Grosvenor Great Yarmouth Casino

Last updated: 19 November 2014
Unique casino in a unique building - if you happen to be passing the Vegas of Norfolk.

Before you go:

Reg/Walk In: Reg
Cashout at Machines: Coupon
Dress Code: Smart casual
Rewards Programme: Yes
Parking: Free customer parking
Restaurants: Yes
Bars: Yes

Address: Marine Parade, NR30 3JG
Telephone: 44 1493850444

Ahh, Great Yarmouth … where the city never sleeps, the streets are paved with gold, and if you can make it there, you’ll make it anywhere – oh, hang on, that’s New York isn’t it ? Anyway, you wouldn’t naturally assume that Great Yarmouth would be home to two casinos (and it was three until the Genting closed in 2012) but evidently it’s a hotbed of gambling.

The Grosvenor site is, all joking aside, a beautiful spot. It’s housed in a listed building called Shadingfield Lodge, just near the Wellington Pier. From the outside it’s really pleasant, and just as good inside. A pretty unique site, especially when compared to the boxy casinos you’ll see these days, you enter up the stairs and have the choice of a very nice looking drawing room type affair with a bar and the dining tables (as well as regular live entertainment) or the business end below. They’ve maintained the décor in keeping with the style of the building, and there really is a touch of class about the place.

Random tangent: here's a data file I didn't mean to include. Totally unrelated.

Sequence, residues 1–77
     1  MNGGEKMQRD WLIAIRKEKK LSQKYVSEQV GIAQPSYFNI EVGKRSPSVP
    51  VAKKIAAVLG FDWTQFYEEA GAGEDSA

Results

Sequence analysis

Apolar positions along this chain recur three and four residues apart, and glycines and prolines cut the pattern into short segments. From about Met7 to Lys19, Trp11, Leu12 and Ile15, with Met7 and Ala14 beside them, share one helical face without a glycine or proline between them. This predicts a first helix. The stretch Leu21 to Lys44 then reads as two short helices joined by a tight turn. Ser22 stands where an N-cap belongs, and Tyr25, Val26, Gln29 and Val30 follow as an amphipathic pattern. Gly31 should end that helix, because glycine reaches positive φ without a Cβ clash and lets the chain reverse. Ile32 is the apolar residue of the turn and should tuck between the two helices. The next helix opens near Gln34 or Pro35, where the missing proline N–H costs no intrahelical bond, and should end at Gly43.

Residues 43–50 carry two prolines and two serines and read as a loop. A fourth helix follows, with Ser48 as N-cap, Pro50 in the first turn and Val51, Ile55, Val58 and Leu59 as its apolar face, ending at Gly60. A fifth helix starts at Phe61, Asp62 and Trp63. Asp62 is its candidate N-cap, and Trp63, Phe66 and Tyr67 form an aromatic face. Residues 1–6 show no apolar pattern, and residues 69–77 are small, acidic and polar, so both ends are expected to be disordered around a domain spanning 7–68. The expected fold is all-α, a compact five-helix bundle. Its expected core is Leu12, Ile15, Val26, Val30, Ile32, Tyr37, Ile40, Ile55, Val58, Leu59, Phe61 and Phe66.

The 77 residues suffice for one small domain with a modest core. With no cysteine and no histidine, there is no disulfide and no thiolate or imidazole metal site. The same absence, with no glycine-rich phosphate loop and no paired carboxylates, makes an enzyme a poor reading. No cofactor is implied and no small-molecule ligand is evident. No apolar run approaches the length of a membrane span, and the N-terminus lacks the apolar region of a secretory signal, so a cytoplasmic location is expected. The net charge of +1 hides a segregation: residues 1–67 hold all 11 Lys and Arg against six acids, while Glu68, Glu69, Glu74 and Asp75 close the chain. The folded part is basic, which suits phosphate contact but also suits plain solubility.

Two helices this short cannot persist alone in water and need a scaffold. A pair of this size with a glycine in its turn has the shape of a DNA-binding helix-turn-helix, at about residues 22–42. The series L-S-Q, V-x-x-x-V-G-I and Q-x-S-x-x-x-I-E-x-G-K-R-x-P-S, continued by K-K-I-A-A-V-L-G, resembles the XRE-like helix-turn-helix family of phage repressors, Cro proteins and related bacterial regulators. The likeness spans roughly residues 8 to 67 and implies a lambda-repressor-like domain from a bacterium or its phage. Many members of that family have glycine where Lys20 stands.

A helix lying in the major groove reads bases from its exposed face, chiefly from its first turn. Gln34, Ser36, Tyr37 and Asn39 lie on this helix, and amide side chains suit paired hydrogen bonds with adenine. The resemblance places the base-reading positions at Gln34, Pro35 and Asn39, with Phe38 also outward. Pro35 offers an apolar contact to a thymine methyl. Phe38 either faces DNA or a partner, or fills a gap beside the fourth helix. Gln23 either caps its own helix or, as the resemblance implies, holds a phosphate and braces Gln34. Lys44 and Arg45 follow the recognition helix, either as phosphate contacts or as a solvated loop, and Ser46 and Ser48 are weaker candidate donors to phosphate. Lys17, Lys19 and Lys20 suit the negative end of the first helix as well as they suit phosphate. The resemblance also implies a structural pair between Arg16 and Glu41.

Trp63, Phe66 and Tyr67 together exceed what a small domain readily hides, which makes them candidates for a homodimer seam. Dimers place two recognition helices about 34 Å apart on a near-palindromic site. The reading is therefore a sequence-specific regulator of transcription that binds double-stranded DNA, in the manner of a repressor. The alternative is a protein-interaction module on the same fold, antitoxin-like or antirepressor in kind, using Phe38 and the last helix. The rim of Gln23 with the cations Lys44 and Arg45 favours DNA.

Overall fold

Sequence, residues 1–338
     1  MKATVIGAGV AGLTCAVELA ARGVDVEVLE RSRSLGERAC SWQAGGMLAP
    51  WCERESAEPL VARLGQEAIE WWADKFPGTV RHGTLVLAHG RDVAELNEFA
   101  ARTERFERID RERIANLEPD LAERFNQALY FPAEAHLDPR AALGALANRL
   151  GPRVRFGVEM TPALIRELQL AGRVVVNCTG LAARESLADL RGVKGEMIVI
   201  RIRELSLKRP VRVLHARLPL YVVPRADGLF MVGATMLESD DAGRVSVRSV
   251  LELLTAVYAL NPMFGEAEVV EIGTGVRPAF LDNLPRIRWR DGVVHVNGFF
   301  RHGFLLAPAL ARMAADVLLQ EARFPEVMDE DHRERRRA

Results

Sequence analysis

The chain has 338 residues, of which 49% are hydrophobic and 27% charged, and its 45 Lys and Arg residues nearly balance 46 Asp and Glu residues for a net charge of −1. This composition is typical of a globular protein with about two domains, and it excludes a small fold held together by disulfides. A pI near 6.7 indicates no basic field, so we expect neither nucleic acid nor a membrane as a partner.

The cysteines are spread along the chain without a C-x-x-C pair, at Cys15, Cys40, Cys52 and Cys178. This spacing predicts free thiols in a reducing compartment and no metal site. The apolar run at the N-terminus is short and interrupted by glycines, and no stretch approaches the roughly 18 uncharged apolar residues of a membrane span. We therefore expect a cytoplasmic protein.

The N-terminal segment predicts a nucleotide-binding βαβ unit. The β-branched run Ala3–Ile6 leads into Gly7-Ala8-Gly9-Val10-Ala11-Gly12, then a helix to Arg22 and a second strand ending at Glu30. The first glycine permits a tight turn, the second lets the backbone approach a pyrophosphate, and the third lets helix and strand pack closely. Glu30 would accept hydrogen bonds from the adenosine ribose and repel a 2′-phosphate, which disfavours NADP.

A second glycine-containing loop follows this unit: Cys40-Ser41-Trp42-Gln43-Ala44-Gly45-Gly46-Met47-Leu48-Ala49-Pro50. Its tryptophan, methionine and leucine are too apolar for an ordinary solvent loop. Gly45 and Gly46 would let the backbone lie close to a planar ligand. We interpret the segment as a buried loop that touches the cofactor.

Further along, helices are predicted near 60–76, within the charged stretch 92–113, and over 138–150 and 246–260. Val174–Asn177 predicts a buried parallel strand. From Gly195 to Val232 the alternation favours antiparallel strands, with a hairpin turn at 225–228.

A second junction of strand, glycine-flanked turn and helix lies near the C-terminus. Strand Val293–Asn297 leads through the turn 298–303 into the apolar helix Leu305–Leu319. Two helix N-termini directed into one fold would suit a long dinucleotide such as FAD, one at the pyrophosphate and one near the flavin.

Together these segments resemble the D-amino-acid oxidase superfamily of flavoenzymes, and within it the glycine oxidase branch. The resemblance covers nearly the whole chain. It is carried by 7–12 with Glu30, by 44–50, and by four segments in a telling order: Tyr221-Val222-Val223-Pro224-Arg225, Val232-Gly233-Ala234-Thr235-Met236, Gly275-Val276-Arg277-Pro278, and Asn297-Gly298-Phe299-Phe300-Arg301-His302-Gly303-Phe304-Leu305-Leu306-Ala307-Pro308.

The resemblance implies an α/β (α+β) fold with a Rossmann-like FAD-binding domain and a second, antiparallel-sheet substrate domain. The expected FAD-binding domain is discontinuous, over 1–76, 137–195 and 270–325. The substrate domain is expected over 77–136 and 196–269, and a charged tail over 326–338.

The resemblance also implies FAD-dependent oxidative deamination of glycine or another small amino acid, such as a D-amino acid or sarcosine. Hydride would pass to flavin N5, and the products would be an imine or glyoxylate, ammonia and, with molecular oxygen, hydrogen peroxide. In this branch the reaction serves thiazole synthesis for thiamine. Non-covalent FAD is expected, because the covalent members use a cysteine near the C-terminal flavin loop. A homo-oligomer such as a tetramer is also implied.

On the top level there is also a small function room / second bar, as well as the modest poker room (which used to be the restaurant). There are a couple of slots on the top level too, but the real action starts as you venture down the stairs.

The main gaming floor is on the lower level, which feels a bit like a windowless basement (although it’s ground floor – remember you came upstairs to get in in the first place), but none the worse for that, with a lively atmosphere. A low ceiling and red décor make it feel pretty traditional, but when you’re in a building older than God’s dog that’s no bad thing. There are all the usual table games, arranged around what must be some fairly awkward supporting columns, and a good, modern array of slots and electronic roulettes. There’s also a spectacularly ugly automated roulette wheel in the corner, looking totally out of place, but I guess it has to go somewhere, and punters like to see what’s eating their money.

The Grosvenor is essentially a unique site. Normally I’d say drop in if you’re passing, but unless you’re hitchhiking to Belgium – including thumbing a ride on a boat – that’s not very likely. Certainly if you are ever in town you should drop by.